Model help with school app

Hello. I have an app that I need help laying out the model
relationships for.

Schools can have more than one admin
Schools can have more than one student
Students can only belong to one school
BUT Admins can have many schools

Students and Admins are both Users, just with different Roles

So, I have a Users model and a Roles model

Users can be either have a student role or an admin role

How do I relate the models so that a school can have many users
but a student can only have one school while an admin can have many
schools?

I appreciate your help.

So, I have a Users model and a Roles model

I’m lost now. Why would you separate Users and Roles, unless some admins are also students?

I would have Schools, Admins, and Students models, unless admins and students somehow need the same functionality.

Because the Users model controls my login's. At least that's what I've
been thinking.

So, a user comes to my page, logs in and based on their role, either
student or admin, are given different permissions.

b/c students need to see their courses, assignments and grades, but
not edit them.

I've been wondering whether or not to keep one Users table, i just
think it makes things cleaner?

I am open to thoughts on that.

I understand now. On my first attempt, I would try keeping Students and Admins in separate tables. Then when someone tries to login, attempt to match them to the Students table. If there are no matches, attempt to match them in the Admins table.

This is a very wet solution, but it would allow you to match many admins with many schools, but only keep one school per student. Maybe someone can come up with a more dry solution that doesn’t make this harder to maintain.

instead of roles you can use STI (single table inheritance) where you
have one table and one model, but then the model gets extended with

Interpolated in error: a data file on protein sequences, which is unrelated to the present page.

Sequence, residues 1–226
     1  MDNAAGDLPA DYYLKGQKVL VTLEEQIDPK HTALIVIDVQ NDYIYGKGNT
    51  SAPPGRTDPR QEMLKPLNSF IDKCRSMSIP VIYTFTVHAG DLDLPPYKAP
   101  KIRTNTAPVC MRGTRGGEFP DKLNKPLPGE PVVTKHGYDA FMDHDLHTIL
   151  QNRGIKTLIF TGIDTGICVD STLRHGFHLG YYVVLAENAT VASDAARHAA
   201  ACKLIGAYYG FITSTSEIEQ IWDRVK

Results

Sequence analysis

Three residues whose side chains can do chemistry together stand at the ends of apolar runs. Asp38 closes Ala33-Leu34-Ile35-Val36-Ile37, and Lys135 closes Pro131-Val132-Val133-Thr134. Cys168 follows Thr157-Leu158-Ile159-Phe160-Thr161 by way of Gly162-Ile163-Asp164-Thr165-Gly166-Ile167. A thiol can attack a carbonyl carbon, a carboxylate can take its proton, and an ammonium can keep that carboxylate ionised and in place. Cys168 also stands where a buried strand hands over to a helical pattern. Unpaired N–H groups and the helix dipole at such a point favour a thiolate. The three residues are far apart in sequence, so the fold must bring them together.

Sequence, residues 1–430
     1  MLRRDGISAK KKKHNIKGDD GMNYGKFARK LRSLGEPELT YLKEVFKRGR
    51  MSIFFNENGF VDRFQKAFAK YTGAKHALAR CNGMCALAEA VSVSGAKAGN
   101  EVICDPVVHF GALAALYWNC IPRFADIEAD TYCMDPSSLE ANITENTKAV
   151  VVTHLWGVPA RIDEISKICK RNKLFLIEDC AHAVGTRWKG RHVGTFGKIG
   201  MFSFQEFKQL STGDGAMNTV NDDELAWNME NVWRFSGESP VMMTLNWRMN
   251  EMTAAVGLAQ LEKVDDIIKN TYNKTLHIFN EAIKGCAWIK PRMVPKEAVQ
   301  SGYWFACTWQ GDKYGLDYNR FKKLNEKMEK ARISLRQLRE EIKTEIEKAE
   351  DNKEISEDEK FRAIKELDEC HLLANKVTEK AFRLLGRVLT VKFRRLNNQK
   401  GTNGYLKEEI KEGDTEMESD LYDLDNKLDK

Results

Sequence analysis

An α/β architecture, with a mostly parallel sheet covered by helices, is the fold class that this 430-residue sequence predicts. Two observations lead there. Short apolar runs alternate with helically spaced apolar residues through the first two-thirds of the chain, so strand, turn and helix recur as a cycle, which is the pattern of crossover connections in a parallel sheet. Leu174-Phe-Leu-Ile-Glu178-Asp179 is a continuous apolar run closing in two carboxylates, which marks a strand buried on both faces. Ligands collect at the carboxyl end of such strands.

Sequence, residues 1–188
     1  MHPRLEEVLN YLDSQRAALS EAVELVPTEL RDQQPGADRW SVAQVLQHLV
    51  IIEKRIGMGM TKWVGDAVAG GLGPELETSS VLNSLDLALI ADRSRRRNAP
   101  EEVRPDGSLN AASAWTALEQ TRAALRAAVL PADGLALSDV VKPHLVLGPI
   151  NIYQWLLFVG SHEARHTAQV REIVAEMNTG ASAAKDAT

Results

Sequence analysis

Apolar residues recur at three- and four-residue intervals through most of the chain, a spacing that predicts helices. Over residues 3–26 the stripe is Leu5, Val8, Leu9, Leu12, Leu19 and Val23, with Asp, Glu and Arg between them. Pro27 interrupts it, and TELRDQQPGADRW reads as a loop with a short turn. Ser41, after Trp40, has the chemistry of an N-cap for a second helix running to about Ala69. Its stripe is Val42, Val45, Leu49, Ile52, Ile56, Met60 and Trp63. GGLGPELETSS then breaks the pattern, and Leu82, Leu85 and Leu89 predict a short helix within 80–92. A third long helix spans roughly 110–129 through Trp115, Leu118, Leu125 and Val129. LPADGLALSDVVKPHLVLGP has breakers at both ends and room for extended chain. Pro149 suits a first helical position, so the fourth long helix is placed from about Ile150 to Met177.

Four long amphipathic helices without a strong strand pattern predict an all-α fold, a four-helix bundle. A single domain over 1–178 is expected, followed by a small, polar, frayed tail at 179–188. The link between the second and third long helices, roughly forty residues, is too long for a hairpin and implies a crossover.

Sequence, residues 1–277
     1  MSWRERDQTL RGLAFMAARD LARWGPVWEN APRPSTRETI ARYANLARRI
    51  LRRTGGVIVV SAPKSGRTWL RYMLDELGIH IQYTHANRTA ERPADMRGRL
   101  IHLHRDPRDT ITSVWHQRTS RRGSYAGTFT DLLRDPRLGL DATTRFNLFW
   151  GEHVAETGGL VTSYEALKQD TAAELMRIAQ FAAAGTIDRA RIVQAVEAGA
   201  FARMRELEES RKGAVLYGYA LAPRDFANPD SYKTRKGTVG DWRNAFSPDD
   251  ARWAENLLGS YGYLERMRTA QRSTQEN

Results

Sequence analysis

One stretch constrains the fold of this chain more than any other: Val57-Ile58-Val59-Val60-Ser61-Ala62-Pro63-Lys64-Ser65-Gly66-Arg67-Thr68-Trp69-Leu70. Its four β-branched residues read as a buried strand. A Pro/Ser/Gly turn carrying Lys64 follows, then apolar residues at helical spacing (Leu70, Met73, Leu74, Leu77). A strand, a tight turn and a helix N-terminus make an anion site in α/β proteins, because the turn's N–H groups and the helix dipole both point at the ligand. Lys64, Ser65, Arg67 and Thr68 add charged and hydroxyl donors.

other classes:

class User < AR::Base
  has_many :memberships
end

class Student < User
   has_one :school, :through => :memberships
end

class Admin < user
    has_many :schools, :through => :memberships
end

Now, Admin and Student are both Users, but Student has the methods
schools, school= ...etc, whistl admins have schools, schools<<... etc.

Your table users will need a column called type which is a string and
you will never actually use it explicitely, so just put it there and
forget about it.

obviously:
Student.all #=> an array of only students
Admin.all #=> an array of only admins
User.all #=> an array of all users: User + Students + Admins

This is a very common scenario that comes up all the time. The problem
is that there isn't a "silver bullet" solution for this. Different
applications often end up with different needs.

Here are some of the solutions I've used in the past for various
applications:

1. Single-table Inheritance (STI)
This can be a robust solution that covers a large number of
applications. In this solution login could be handled by a User class
(probably abstract), with subclasses for Student and Admin. Data for all
types of users are stored in a single database table with a qualifying
column (usually a type column) which designates the subclass of the User
instance. Find more by searching for Single-table Inheritance, or STI.

2. Polymorphic association
This can be used to provide additional flexibility beyond that provided
by STI. Google this for more information.

3. Access Control Lists (ACL)
This is the "industrial strength" solution. It is extremely flexible,
also making it complex relative to 1 & 2 above.

Clinton Judy wrote:

Here is an article that covers some plugins/tool for Rails to help with
authentication and authorization. Maybe this will be helpful:

http://www.vaporbase.com/postings/Authorization_in_Rails

Robert Walker wrote:
<snip>

This is a very common scenario that comes up all the time. The problem
is that there isn't a "silver bullet" solution for this. Different
applications often end up with different needs.

</snip>